That is to say, when the Gallon Loaf of Second Flour, Weighing 8lb. 11ozs. shall cost 1s. then every poor and industrious man shall have for his own support 3s. weekly, either produced by his own or his family's labour, or an allowance from the poor rates, and for the support of his wife and every other of his family, 1s. 6d. When the Gallon Loaf shall cost 1s. 4d., then every poor and industrious man shall have 4s. weekly for his own, and 1s. and 10d. for the support of every other of his family. And so in proportion, as the price of bread rise or falls (that is to say) 3d. to the man, and 1d. to every other of the family, on every 1d. which the loaf rise above 1s. That is to say, when the Gallon Loaf of Second Flour, Weighing 8lb. 11ozs. [3.9 kg] shall cost 1s. then every poor and industrious man shall have for his own support 3s. weekly, either produced by his own or his family's labour, or an allowance from the poor rates, and for the support of his wife and every other of his family, 1s. 6d. When the Gallon Loaf shall cost 1s. 4d., then every poor and industrious man shall have 4s. weekly for his own, and 1s. and 10d. for the support of every other of his family. And so in proportion, as the price of bread rise or falls (that is to say) 3d. to the man, and 1d. to every other of the family, on every 1d. which the loaf rise above 1s.
Loaves of bread were bigger and heaver in the 18th century - a Gallon Loaf would have been almost 5 times the weight of the large loaves you'd find in British supermarkets today. According to the Measuring Worth website, 3 shillings in 1795 is equivalent to about £13 today when the rise in prices is taken into account. Or to put it another way, the minimum income for a single man in 1795 is equivalent to just 2 hours of labour at the modern minimum wage - which goes to show how much worse off our ancestors were than us.
The Speenhamland System didn't work - there was no way to force employers to raise wages, and in practice they cut wages rather than raising them, secure in the knowledge that the parish would make up the difference.
The Poor Law Amendment Act of 1834 created the Poor Law Commission, whose three commissioners were each paid £2,000 per annum, an enormous sum in those days when many ordinary people laboured long hours for less than £20 a year.
Things are a little different nowadays - by 1997, when members for the new Low Pay Commission were being chosen the government had at least got the remuneration sorted out, as you can see from this Letter to the Editor, published in The Times on 1st July of that year.
Indeed, even though the current commissioners are now entitled to claim fees and be reimbursed for travelling expenses several of them have not made any claims at all.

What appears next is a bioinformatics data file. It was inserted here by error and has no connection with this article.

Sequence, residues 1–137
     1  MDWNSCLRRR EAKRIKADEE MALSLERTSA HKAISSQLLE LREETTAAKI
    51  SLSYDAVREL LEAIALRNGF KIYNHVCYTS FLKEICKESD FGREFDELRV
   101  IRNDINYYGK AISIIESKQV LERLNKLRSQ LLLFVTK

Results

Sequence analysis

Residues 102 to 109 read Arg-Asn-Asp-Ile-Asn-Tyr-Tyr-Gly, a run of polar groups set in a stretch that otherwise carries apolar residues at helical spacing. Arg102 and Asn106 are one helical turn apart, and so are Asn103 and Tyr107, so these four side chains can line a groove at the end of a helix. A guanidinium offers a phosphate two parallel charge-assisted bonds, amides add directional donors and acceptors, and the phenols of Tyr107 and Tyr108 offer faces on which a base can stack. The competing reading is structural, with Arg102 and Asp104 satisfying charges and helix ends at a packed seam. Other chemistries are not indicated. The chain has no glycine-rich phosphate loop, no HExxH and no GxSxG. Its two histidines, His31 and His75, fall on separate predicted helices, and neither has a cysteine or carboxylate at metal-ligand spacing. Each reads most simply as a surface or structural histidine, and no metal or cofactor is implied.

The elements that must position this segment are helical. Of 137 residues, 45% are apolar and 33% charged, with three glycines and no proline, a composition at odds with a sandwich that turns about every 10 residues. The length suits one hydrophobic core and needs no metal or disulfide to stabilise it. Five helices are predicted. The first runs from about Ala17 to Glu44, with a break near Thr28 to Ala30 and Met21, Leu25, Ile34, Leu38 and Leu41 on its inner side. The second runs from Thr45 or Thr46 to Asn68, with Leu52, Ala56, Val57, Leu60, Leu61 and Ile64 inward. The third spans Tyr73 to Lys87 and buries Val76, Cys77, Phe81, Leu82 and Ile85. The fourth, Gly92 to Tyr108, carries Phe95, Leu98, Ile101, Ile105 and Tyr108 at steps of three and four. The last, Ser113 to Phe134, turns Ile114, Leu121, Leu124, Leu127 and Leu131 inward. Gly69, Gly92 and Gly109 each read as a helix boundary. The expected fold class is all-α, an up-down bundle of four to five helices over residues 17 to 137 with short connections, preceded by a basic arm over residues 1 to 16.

(One of these days I'll put together a compilation of my letters to newspapers and magazines - if only to prove that I did have a life prior to LostCousins!)
I've mentioned previously that I've been transferring my savings to Zopa, a peer-to-peer site that matches lenders and borrowers, but minimises the risks by breaking up the loans into small chunks (of as little as £10 each). They've also created a fund to offset any losses that are incurred.
Recently the rates have been falling both for lenders and borrowers, so Zopa came up with the idea of a Rate Promise for lenders - until 3rd February you can get a rate of 5% on money you lend for between 3 and 5 years (the rate is subsidised by Zopa handing back some of the 1% commission they normally take).
But if you do want to take advantage of this offer don't leave it until the last minute - the Rate Promise only applies to money that has been lent out by the deadline.
One of my favourite family photos is of my mother with the rest of her primary school class. I would never have recognised her with straight hair, so thank goodness I went through the photos with my aunt before she died.
There was one problem with this picture - there were some dirty marks that I couldn't get off without damaging the photo (and believe me I tried).
Fortunately a new photo retouching company called Repixl had just opened up - and as they were based just down the road from where I used to live in the early 1990s I decided to give them a try. There was no need to send anything through the post - I simply scanned in the photo (warts and all), then uploaded it to their site. In less than an hour I had an almost perfect copy, and because they currently have a free trial running, it didn't cost me a penny!
My mum, by the way, is in the 2nd row from the front, 4th from the left. I wonder if any other readers of this newsletter have ancestors in this photo from 1934?
Finally, in case any of you are short of reading matter, the genealogical novel I'm currently reading is by LostCousins member Alan Dance. I'm currently only 56 pages in, so I can't yet deliver a verdict on The Westbrook Affair, but I'm certainly looking forward to getting back to it now that I've finished this newsletter (and submitted my tax return).
This is where I'll post any last minute news, updates, or offers.
Thanks for taking the time to read my newsletter - I hope you find some of the articles and tips useful.
© Copyright 2014 Peter Calver
You MAY link to this newsletter or email a link to your friends and relatives without asking for permission in advance. I have included bookmarks so you can link to a specific article: right-click on the relevant entry in the table of contents at the beginning of this newsletter to copy the link.